One of the first questions we trainers ask our clients at Perform for Life is “What is your goal?” As you can imagine, we get a wide variety of a lot of responses, from wanting to lose weight to getting bigger/stronger to being able to perform a certain task. I always try to avoid pushing a goal on an athlete, as a goal that I give them won’t truly drive them in a way that a goal they themselves came up with could. As a coach, it’s my job to help my athletes find the "why" that brings them into the gym. Weight loss and/or looking bigger can be your ‘why’ and there’s nothing wrong with that, but a question I like to ask next is “what can’t you do now that you’d like to, within reason, be able to do?”
I like this question because it follows the training philosophy we use at Perform for Life: we want everything to be built off of health and foundational/functional movement first then to work towards performance goals. If an athlete answers with “running”, we then look at why he or she can’t run at the moment. Sometimes it’s because of pain during running, after running, or it’s because the athlete simply doesn’t feel confident in their running. After the initial assessment, we’re able to see how close an athlete may be to this activity, and we’re able to develop a program that will help them work towards it. There are many different starting levels in an exercise program: someone may be working back from an injury, or simply exercising for the first time, so it’s our job to use progressions and regressions to safely work the athlete up to the activity they’d like to be able to do. We know our scope and will be honest as to whether we think we can help our athlete toward that goal, or whether they might need to be referred out to someone like our bodywork specialist Bob Gazso or another health practitioner. The little ‘within reason’ addition to my original question is for just this: we can accomplish many of our goals if we set our minds to them, but there are just some injuries/conditions that will prevent people from doing certain activities.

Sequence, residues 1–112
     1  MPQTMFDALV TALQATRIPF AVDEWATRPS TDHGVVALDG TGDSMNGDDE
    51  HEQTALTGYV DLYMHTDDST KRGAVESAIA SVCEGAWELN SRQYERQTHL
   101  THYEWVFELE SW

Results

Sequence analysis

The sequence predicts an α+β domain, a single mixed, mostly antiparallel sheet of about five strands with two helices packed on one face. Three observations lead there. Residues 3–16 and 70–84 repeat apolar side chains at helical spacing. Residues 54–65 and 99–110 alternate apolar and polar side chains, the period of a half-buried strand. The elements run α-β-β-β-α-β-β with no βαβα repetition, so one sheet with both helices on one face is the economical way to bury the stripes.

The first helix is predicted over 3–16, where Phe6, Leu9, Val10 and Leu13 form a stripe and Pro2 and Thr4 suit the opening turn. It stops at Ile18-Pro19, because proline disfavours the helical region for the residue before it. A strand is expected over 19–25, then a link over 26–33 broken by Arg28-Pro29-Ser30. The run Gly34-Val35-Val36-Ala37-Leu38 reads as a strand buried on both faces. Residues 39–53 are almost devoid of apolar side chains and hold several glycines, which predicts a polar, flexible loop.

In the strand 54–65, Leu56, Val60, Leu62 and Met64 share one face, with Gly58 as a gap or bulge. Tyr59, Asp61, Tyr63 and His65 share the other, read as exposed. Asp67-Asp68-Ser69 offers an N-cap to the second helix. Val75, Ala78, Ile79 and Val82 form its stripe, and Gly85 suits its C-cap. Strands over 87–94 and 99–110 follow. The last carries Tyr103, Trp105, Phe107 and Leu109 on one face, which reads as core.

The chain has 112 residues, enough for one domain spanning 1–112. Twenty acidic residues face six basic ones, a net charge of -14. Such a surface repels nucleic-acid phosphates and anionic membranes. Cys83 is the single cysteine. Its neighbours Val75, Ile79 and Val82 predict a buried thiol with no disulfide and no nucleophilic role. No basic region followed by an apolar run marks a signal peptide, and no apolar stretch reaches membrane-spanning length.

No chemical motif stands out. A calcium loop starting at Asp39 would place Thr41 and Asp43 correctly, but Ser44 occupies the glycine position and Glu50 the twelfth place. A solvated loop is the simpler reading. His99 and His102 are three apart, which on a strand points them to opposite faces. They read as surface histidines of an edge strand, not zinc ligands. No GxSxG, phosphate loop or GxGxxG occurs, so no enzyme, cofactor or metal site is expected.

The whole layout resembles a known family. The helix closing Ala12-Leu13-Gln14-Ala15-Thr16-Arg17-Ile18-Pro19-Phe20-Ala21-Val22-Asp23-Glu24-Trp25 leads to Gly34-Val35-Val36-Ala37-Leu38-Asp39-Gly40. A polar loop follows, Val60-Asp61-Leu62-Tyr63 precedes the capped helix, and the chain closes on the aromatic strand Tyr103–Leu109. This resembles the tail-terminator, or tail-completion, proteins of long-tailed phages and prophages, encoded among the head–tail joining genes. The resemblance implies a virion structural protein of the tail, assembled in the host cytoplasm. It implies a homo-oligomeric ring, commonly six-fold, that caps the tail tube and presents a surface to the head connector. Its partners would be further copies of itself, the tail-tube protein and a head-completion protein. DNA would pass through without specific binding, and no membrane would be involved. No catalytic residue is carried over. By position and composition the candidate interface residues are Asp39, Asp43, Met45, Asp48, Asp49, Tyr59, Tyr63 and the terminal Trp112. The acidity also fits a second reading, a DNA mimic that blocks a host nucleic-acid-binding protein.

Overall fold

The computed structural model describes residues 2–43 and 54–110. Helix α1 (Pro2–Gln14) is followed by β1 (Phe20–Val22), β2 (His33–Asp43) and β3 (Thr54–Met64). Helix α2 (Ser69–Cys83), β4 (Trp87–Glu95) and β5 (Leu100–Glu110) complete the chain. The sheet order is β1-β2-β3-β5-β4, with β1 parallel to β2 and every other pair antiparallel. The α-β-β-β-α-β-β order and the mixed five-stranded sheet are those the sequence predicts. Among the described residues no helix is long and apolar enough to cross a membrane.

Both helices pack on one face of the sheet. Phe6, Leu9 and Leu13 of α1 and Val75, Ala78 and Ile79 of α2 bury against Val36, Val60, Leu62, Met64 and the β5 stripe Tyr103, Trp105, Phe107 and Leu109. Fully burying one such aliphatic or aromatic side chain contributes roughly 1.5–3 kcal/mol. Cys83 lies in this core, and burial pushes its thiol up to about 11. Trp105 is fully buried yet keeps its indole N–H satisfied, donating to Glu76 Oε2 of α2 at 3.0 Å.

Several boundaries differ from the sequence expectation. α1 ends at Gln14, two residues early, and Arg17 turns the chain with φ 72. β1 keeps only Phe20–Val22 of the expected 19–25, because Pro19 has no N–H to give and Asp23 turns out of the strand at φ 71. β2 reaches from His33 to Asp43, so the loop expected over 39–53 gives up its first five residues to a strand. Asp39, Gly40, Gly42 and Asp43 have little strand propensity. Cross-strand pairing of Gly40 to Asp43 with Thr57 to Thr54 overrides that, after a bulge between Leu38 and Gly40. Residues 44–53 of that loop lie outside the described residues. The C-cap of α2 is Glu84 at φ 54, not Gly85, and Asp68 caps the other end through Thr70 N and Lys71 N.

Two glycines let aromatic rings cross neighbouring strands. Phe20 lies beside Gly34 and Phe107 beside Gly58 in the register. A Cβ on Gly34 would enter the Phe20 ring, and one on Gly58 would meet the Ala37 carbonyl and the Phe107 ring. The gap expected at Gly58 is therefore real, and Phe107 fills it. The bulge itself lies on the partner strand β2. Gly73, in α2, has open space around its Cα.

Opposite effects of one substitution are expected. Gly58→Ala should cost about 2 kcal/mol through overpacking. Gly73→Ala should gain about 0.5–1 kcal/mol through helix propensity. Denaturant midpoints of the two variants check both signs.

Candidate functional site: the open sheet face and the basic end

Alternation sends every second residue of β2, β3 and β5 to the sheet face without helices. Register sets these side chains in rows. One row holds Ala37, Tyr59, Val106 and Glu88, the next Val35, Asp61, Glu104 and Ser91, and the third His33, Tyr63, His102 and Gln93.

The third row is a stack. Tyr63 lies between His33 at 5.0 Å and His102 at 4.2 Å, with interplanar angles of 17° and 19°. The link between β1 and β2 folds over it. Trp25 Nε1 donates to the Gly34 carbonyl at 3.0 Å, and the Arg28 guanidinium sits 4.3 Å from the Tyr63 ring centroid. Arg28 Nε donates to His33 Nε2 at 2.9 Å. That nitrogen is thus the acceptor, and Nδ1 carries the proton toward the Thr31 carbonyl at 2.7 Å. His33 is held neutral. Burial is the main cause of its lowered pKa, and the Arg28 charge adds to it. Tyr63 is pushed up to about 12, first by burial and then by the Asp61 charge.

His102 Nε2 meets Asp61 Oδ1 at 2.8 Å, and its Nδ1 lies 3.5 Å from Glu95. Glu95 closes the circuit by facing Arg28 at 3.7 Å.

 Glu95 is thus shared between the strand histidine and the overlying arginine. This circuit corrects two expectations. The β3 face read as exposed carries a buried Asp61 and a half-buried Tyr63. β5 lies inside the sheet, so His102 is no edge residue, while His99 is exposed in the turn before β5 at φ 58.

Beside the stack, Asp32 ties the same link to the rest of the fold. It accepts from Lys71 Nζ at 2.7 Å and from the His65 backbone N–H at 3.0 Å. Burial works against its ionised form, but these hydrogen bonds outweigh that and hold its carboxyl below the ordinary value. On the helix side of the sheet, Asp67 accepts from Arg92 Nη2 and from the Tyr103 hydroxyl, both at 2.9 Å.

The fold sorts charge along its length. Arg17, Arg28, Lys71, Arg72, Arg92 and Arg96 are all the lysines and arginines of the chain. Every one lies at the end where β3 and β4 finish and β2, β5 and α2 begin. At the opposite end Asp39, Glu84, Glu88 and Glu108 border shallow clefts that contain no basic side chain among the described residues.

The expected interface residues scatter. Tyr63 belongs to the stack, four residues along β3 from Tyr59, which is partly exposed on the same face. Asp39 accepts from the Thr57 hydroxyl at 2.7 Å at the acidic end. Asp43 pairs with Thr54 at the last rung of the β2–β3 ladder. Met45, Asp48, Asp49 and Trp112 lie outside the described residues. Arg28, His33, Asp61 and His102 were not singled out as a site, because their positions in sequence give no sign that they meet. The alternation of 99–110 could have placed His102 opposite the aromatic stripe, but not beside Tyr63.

So why do I want people to really ask themselves, “What can’t I do now that I would like to be able to do?” Because I don’t think there should be anything in life that your body holds you back from - I believe that is true health. If ever you find yourself saying ‘no’ to something because you aren’t sure you’re physically able to do it, take a step back and ask yourself, “Do I want to be able to do this?” If it’s relatively unimportant to you, then move on; however, if there is something fun you’ve already counted yourself out of, maybe it’s time to make a change. Perhaps you’re already doing the activity you enjoy, but want to improve your performance. These are the types of goals that really drive people to the gym because they’re based on movement and quality of life. No one is happy to say they can’t do something, so start knocking things off of that list - think of something you want to accomplish, and start taking steps to accomplish it. This can apply in all realms of your life.
I am in no way detracting from the people out there coming into the gym to put on muscle or lose weight, but to them I’ll just say this: why not accompany that goal with one that has more meaning in your life? Make the gym somewhere that you look forward going to, and somewhere that you’re doing something that will truly improve your quality of life!